Mad Men: The Musical
by MOLLY LAMBERT
Great episode. The viewers at home breathe a sigh of relief as Mad Men hits its stride in the third inning after two wobbly-kneed and tedious first attempts. All the gears are finally whirring. Everyone (Joan!) has shown up. Characters are mixed up and re-matched in new social settings. And so many GIF opportunities.
So Many GIF Opportunities:
Roger in blackface
Peggy getting high
Don Draper hopping over the bar
Sterling's wife v. Joan
Pete and Trudy's dance routine
Joan playing the accordion
Sally Draper stealing from grandpa
The Tigertones reunion
So many chances for things to go horribly wrong, and yet for the most part it went alright. Matthew Weiner clearly thrives on the narrative tension of awkward situations, and yet he does not go straight for the banana peel every time. Jane's alcohol induced collapsed was not followed up with one of Mad Men's trademarked "vomiting in public embarrassment" sequences.
Pete & Trudy's Charleston: America's Next Best White Dance Crew?
Are they setting the characters up to be happy just to twist the knife later? Joan's husband's lack of medical prowess being revealed with the suggestion that patients die on his table seems pretty ominous. As does the whole "Grandpa Gene" situation. Or is it possible that after two seasons of turgid misery the Mad Men ensemble's lives will finally achieve that "freeness" the sixties is so often associated with. Probably not.
the other contender: Monica and Ross's "Routine" from Friends
There were some overly long poetic monologues. That Sam Elliott type (Chelcie Ross) in the empty bar served no purpose other than to make me laugh with his rambling about "taking a johnboat down past the old mansion." Peggy's overly mothering secretary who won't go home was neither here nor there.
"IT'S MOHAIR!!! HE'S LIKE A TOTALLY IMPORTANT DESIGNER!!!!!"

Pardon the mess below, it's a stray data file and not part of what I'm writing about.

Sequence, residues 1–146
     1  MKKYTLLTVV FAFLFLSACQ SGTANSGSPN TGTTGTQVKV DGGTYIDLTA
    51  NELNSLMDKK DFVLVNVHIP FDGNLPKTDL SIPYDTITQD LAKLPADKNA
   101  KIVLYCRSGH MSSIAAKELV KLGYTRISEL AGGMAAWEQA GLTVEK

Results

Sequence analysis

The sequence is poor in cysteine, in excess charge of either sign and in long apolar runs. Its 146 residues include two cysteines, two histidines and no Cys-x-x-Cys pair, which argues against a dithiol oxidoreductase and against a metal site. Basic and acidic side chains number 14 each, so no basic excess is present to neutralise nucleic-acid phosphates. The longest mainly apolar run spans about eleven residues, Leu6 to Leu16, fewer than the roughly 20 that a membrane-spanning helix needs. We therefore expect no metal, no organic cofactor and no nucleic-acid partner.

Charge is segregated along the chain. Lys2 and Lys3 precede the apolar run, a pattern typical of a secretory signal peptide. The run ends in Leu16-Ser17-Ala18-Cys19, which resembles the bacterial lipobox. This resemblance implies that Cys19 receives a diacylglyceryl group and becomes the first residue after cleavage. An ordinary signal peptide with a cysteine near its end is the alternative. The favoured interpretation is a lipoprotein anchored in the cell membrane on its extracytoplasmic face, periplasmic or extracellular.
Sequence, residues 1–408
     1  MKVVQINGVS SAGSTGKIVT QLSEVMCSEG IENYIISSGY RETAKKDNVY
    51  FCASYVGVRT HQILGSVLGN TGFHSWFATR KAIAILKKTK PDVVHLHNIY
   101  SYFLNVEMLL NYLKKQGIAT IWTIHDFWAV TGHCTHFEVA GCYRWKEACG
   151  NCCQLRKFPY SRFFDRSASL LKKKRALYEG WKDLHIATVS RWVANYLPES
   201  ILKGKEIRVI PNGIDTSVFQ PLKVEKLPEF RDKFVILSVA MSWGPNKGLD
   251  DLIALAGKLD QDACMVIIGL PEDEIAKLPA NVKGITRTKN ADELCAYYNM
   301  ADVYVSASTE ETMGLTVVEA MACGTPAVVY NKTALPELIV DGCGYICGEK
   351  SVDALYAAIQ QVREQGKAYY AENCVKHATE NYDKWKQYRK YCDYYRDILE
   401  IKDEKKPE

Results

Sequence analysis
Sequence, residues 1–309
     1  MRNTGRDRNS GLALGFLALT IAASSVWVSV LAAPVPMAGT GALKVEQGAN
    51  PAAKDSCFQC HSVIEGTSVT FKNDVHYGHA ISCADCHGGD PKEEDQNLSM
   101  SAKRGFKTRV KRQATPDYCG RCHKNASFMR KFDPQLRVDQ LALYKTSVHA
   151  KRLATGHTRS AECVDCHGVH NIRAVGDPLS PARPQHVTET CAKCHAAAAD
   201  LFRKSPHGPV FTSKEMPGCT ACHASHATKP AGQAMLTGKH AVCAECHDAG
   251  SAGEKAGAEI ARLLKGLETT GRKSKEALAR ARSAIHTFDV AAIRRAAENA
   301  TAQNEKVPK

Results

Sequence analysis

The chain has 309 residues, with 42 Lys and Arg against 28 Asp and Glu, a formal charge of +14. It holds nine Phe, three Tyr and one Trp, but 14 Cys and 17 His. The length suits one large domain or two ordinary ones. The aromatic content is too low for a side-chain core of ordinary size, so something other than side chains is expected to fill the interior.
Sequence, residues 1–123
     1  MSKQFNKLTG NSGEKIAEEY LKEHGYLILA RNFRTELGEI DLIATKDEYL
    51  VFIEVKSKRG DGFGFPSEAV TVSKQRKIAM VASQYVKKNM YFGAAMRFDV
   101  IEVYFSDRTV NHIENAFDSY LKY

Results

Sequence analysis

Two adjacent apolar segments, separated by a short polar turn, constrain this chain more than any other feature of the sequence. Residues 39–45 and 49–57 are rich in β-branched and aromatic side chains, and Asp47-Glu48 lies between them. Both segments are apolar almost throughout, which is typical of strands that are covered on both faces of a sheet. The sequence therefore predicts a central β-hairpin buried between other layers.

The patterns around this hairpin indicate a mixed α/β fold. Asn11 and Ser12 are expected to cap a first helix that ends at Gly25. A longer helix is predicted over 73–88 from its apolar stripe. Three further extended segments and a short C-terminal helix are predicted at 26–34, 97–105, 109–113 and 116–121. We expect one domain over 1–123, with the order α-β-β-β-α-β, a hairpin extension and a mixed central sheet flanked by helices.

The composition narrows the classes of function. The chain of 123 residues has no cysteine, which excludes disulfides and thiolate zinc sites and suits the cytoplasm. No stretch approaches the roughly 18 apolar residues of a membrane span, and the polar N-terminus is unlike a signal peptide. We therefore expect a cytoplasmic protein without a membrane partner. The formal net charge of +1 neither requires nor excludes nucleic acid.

But the Breakfast Club bit with Peggy and the other creatives holed up smoking reefer at Sterling-Cooper on a Saturday was delightful. Christina Hendricks may not be a real redhead, but she really plays the accordion. How she fits it comfortably over her massive (real) breasts is a mystery for the ages.
The cut from Peggy smoking the joint to the hallucinatory nightmare of Roger singing "My Old Kentucky Home" was one of many such touches that made this episode feel like the show is the Sopranos successor it ought to be. At its finest, Mad Men is a slow-paced and richly rewarding character drama (like The Wire). At its worst it's a campy soap (like True Blood).
I see you Patrick Bateman, hitting on my Peggy Olson, don't even think about it man!
Here's hoping the season continues in this fashion. I'll admit the first two episodes left me a little cold compared to this one, which I loved. Mad Men — like The Sopranos — theoretically follows one antihero while remaining an ensemble show at heart. Don Draper is cool, but he is just one of the eight million reasons we love this show.
In the end, it's really Pete Campbell's show. We're just watching it.
"Soil, Soil (demo)" — Tegan & Sara (mp3)
"Burn Your Life Down (demo)" — Tegan & Sara (mp3)
"Call It Off (demo)" — Tegan & Sara (mp3)